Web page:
London has long been considered by linguists as a motor of change in the English language in Britain. The investigators’ ESRC-funded studies from the early 90s to 2007 show that, while there is widespread ‘levelling’ in the south-east, leading to greater uniformity in accent and grammar, there are new, largely minority ethnic-based changes emerging in inner-city London. The present project investigates whether and how young children acquire these new features, how they are maintained or accentuated in adolescence, and whether they are maintained in adulthood. If they are, this will have consequences for the development of spoken English in Britain. The research asks: Are there different ‘ethnic’ Englishes in London, or is the new variety, dubbed ‘Multicultural London English’ (MLE), relatively uniform across ethnicities, including ‘Anglos’? Do Londoners change their speech across the lifespan? What features enter into MLE, and which don’t? Do Londoners detect any ethnic affiliation for the features? Are there rhythmic differences in the speech of Londoners? The project will record, mainly in pairs, at least 112 people from the northern inner city, ages ranging from 4 to 40 and the ethnic balance reflecting the local population. Both quantitative and qualitative analyses will be performed.



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The acquisition of multicultural London English : a case study

Author: Sue Fox Date: 08 January 2010 Conference paper/presentation

Regional accents thrive against the odds in Britain : it’s baffling up north as city accents spread

Author: Paul Kerswill Date: 06 January 2010 Newspaper

Mind your slanguage

person involved: Paul Kerswill Date: 06 January 2010 Audio/video recording

Multiracial vernacular in London : age-grading or language change?

Author: Jenny Cheshire Date: 06 January 2010 Conference paper/presentation

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Investigating language and ethnicity in London : production and perception data

Author: Eivind Torgersen Date: 06 January 2010 Conference paper/presentation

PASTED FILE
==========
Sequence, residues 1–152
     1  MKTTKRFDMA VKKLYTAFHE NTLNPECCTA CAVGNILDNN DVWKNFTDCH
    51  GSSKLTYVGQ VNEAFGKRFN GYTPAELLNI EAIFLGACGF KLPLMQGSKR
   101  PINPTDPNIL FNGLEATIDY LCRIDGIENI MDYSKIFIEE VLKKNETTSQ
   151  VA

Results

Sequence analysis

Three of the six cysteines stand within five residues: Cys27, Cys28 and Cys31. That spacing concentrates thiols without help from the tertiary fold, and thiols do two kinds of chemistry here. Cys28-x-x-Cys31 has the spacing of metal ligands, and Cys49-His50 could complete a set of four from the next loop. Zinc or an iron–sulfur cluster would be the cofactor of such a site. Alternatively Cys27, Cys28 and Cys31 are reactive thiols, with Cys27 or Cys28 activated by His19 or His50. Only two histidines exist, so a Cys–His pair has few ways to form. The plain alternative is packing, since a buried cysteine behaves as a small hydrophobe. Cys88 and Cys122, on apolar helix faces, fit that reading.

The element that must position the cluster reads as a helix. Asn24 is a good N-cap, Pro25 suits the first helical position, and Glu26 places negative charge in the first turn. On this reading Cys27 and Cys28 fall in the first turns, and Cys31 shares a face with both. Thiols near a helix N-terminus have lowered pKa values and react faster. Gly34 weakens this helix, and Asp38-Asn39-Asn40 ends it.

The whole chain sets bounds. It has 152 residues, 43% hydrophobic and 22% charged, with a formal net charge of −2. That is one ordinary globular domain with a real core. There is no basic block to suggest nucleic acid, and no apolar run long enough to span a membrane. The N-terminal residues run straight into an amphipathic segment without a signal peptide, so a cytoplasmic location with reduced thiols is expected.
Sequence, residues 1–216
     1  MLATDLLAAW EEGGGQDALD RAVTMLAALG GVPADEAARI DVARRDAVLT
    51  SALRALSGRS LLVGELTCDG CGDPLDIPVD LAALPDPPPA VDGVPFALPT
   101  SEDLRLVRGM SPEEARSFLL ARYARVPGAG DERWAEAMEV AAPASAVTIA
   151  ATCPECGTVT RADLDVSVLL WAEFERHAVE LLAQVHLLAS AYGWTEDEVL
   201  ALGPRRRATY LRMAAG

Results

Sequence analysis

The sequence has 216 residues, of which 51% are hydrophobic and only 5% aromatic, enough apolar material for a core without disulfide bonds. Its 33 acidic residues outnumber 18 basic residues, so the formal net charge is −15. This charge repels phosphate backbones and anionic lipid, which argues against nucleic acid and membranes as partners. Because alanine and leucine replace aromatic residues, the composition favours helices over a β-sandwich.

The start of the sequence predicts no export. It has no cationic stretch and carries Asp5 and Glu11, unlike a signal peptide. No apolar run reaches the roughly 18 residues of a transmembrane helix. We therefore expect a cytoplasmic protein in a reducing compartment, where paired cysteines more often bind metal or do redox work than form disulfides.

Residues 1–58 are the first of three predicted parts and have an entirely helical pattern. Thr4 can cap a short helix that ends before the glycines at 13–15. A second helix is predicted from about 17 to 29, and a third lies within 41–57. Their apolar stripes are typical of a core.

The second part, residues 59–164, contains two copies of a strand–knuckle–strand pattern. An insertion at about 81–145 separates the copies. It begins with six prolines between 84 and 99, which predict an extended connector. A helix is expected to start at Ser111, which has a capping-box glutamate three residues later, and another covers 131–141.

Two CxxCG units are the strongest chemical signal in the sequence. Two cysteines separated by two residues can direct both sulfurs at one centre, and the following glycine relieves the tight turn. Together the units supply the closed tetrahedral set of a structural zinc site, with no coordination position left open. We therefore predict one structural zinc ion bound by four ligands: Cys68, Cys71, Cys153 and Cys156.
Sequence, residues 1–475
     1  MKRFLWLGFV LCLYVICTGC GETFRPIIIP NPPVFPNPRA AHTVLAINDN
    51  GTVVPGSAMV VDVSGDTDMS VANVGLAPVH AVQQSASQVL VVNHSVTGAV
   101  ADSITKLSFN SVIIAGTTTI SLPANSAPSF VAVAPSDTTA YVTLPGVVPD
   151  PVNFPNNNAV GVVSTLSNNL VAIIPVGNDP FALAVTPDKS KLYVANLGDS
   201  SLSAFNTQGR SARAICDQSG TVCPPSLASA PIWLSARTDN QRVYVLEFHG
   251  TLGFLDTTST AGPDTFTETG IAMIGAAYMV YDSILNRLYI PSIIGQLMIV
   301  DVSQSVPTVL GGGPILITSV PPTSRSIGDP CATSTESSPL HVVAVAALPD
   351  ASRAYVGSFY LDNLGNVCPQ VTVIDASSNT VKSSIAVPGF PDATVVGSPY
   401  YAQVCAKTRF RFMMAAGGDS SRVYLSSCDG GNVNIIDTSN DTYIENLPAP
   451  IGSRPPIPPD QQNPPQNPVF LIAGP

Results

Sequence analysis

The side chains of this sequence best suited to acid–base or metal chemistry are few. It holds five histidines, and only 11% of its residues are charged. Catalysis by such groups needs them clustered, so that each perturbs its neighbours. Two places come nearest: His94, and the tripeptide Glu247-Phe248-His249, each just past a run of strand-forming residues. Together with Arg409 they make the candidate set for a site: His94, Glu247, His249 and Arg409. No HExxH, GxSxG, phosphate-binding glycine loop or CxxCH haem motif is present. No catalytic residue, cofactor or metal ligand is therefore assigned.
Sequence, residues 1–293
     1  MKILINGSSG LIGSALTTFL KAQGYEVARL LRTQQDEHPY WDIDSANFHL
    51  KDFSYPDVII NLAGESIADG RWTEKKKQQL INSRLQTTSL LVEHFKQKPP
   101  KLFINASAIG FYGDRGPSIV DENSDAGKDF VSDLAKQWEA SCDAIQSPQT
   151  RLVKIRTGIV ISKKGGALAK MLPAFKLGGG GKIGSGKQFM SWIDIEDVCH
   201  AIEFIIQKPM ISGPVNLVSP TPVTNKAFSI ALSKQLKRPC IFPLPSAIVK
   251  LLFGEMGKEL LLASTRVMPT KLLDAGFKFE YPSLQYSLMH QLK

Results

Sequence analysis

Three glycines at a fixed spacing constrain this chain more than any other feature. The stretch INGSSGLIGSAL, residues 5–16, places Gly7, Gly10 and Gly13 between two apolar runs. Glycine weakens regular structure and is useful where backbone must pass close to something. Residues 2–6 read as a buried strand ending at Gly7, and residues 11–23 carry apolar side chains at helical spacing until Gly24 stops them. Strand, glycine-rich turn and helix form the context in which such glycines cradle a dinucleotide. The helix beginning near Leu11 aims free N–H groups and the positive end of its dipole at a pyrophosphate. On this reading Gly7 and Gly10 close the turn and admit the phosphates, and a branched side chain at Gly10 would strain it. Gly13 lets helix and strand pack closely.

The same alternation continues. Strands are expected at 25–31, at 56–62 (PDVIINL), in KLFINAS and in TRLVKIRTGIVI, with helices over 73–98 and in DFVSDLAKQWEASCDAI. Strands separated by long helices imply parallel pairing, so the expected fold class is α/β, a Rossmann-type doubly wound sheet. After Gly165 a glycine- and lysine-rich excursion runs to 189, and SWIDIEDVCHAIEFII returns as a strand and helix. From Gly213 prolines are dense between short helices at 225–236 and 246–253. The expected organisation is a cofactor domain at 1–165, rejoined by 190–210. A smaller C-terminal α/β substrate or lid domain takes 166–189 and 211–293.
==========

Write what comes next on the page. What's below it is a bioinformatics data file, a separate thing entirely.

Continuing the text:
Dialect contact vs. second language acquisition : developments in the relative marker system

Author: Jenny Cheshire Date: 06 January 2010 Conference paper/presentation

Age-grading and vowel systems in multicultural London English : evidence for regularity and incrementation in high-contact speech communities

Author: Paul Kerswill Date: 06 January 2010 Conference paper/presentation

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The temporal and lifespan trajectory of ‘multicultural London English’ as a clue to its origins and vitality

Author: Paul Kerswill Date: 06 January 2010 Conference paper/presentation

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New motors of change in an old world speech community : minority-led innovation in Britain

Author: Paul Kerswill Date: 06 January 2010 Conference paper/presentation

Multicultural London English : the emergence, acquisition and diffusion of a new variety

Creator: Paul Kerswill Date: 06 January 2010 Seminar/workshop

Levelling and innovation in Britain : contact and isolation

Author: Paul Kerswill Date: 06 January 2010 Conference paper/presentation

Investigating language and ethnicity in London : production and perception data

Author: Paul Kerswill Date: 06 January 2010 Conference paper/presentation

Multiethnic varieties as a source of language change

Author: Paul Kerswill Date: 06 January 2010 Conference paper/presentation

A perceptual study of friendship networks in London

Author: Eivind Torgersen Date: 06 January 2010 Conference paper/presentation

Perceiving ethnicity and place in multicultural London English

Author: Paul Kerswill Date: 06 January 2010 Conference paper/presentation

Innovation in London is not equal to levelling in south-east England

Author: Jenny Cheshire Date: 06 January 2010 Conference paper/presentation

Multicultural London English and linguistic innovation

Author: Paul Kerswill Date: 06 January 2010 Conference paper/presentation

Multicultural youth speech as the source of innovation in London English

Author: Jenny Cheshire Date: 17 December 2008 Conference paper/presentation

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Start date
30 September 2007
End date
31 December 2010
Grant holder
Professor Paul Kerswill
Co-applicants
Professor Jennifer Cheshire
Grant amount
£600,547.04
Grant reference
RES-062-23-0814
Discipline
Linguistics (General)
Linguistics
Grant type